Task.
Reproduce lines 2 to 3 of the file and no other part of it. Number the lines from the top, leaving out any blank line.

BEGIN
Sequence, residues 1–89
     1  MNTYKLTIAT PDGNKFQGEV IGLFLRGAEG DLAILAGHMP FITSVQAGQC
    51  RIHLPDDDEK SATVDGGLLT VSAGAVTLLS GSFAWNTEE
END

     1  MNTYKLTIAT PDGNKFQGEV IGLFLRGAEG DLAILAGHMP FITSVQAGQC
    51  RIHLPDDDEK SATVDGGLLT VSAGAVTLLS GSFAWNTEE